Dineen Hall Welcomes First Classes
The College of Law welcomed its 118th first-year J.D. class on Aug. 18 as 170 students arrived for a week-long orientation program, including the traditional community service project to help local food pantries.
The college also welcomed its third incoming class of foreign-educated lawyers and legal scholars to its Master of Laws (LL.M.) in American Law program. The LL.M. program will enroll 20 students in the fall semester and two students in the spring semester, representing the legal education systems of Saudi Arabia, South Korea, Ethiopia, Kenya, Canada, China, Argentina, Nigeria, Sudan, Syria, Turkey, the United Kingdom, Togo, the Kurdistan Region of Iraq and Uzbekistan.
“We are excited to welcome this year’s J.D. and LL.M. students to our new home, Dineen Hall. They represent one of our strongest credentialed and most accomplished classes in recent history and they will benefit from what is available to them in our state-of-the-art facility,” says Nikki Laubenstein, director of admissions for the College of Law.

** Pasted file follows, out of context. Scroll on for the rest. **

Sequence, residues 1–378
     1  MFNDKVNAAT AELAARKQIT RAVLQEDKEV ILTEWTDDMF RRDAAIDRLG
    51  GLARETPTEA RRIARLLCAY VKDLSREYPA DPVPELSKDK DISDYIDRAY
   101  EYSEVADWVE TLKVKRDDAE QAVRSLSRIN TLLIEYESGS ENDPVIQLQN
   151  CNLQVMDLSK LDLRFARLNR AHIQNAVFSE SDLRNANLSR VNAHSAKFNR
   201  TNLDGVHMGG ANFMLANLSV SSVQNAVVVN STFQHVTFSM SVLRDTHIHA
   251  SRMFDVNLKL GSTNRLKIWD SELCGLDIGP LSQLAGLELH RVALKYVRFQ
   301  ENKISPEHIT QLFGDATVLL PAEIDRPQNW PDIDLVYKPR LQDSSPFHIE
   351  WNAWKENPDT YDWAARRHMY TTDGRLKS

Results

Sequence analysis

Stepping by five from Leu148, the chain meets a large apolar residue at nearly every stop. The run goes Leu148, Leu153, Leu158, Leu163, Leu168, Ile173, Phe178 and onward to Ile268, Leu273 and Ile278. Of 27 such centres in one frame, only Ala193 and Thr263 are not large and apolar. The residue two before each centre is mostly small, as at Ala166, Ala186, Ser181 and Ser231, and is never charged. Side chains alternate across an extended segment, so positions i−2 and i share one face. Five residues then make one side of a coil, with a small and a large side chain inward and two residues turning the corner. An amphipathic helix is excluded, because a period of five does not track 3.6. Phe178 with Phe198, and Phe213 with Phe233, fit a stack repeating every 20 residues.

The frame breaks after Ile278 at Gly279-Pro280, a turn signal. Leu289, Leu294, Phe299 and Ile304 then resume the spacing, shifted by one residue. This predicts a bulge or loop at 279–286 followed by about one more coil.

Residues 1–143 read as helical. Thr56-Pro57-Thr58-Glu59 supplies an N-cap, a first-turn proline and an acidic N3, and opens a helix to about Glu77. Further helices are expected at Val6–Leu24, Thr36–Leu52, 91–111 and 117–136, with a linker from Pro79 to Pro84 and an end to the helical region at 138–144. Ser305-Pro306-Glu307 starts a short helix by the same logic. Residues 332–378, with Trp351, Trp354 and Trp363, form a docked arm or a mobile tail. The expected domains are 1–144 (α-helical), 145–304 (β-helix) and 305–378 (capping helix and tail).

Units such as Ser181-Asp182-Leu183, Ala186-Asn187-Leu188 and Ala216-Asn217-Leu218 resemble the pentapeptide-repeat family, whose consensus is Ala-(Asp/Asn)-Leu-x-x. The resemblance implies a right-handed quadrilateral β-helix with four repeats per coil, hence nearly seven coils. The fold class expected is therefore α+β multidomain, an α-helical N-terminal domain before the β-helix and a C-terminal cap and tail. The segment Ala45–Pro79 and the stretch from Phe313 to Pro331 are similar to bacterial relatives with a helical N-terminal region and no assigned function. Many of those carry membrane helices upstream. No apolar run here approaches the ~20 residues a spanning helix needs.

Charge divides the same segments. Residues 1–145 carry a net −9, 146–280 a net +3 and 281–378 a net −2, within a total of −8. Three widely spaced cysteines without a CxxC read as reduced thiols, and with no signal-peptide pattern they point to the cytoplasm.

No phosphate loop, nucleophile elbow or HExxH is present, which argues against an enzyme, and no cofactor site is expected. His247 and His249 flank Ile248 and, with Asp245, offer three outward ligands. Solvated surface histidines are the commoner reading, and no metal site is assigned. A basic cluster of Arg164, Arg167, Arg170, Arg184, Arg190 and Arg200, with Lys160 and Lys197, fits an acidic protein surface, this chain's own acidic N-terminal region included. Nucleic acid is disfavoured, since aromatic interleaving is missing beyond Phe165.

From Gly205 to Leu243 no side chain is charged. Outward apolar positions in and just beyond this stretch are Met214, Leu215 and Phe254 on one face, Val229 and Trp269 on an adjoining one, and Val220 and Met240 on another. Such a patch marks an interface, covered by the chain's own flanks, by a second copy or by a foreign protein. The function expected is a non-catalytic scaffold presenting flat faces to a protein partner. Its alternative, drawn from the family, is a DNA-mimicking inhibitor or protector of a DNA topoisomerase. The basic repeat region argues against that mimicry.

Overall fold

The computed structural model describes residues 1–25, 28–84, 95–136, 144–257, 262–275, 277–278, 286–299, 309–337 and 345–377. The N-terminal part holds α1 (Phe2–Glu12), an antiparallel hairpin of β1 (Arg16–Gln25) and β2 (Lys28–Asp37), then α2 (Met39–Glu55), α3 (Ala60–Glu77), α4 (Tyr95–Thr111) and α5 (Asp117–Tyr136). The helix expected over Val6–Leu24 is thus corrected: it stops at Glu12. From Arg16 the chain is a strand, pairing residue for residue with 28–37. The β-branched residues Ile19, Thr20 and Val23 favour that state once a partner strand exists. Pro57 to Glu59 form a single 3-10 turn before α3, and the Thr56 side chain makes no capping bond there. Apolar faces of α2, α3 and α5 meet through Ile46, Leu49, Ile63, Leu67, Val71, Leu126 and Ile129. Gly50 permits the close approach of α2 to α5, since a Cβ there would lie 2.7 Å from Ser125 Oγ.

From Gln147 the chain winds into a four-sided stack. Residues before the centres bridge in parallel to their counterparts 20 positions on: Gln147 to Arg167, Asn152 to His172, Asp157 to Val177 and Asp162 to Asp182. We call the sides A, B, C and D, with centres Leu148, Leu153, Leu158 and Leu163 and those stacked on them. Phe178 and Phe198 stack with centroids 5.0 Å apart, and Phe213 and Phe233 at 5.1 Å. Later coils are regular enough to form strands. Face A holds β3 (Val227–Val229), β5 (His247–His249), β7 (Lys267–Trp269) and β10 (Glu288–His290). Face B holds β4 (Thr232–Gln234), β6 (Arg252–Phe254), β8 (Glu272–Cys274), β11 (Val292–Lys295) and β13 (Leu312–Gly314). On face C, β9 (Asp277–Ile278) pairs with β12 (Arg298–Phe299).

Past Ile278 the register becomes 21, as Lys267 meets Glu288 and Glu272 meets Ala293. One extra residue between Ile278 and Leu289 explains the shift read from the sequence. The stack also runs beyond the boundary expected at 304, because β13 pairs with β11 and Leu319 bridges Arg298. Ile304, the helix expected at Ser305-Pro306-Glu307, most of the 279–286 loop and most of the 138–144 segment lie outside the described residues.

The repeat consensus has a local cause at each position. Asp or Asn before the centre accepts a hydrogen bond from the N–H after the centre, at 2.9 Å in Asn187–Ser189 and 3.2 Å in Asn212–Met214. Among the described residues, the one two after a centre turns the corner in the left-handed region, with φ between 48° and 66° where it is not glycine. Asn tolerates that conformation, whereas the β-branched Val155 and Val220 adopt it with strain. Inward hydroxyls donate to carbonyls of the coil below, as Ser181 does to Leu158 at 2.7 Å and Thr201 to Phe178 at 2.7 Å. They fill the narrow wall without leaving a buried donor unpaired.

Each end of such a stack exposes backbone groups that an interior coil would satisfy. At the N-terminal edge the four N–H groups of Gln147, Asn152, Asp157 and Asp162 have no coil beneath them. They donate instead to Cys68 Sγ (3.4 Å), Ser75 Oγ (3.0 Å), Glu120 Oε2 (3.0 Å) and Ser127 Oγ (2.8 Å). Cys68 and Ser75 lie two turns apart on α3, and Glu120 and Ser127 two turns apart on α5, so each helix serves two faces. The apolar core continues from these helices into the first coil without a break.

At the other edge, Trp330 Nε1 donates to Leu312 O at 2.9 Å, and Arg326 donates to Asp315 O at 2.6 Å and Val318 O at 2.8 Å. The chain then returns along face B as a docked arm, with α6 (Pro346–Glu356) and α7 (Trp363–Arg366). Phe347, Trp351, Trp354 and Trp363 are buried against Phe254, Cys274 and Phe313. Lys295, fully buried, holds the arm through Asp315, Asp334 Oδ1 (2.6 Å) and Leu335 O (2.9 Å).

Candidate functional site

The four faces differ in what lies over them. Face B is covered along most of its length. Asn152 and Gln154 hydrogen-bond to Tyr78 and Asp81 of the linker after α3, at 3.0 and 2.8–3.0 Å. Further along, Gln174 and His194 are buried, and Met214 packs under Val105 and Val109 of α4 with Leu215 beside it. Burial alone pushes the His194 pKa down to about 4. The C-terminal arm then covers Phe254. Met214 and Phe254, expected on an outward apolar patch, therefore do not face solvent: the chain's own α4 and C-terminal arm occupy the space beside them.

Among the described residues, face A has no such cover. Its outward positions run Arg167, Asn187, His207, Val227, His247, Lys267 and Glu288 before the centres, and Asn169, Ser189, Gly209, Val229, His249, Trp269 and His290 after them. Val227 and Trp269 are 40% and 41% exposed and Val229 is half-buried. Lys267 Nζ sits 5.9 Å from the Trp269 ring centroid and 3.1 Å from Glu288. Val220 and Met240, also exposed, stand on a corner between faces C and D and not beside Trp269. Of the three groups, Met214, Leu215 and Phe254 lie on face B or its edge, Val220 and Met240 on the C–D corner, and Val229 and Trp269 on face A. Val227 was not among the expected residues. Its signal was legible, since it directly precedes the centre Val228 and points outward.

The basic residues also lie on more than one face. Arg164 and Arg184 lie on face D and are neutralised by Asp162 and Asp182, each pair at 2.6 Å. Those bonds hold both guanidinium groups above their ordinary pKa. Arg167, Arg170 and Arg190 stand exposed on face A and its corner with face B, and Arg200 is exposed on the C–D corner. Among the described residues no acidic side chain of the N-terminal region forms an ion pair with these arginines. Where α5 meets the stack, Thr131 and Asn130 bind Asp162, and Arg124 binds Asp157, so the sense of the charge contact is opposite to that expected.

Following a formal opening convocation ceremony at Hendricks Chapel, orientation session topics included faculty panel discussions, sessions on professional development and building professional networks, wellness programming, managing finances and small group meetings with distinguished alumni who return to campus to discuss legal career paths. A question and answer session for family members with Senior Assistant Dean for Student Life Tomás Gonzalez was again part of this year’s program.
Law students conclude orientation with a community service project at the Matthew 25 Farm in Tully, and assist in the harvest and preparation for food distribution to local food banks.
Entering J.D. students come from 28 states and the LL.M. class represents students from 14 countries. The average student age is 24 and the range in age spans 30 years. Females represent 38 percent of the first-year J.D. class, while students of color account for 19 percent. Close to 50 percent of the students are non-New York State residents representing 114 undergraduate colleges and universities; 10 percent have advanced degrees.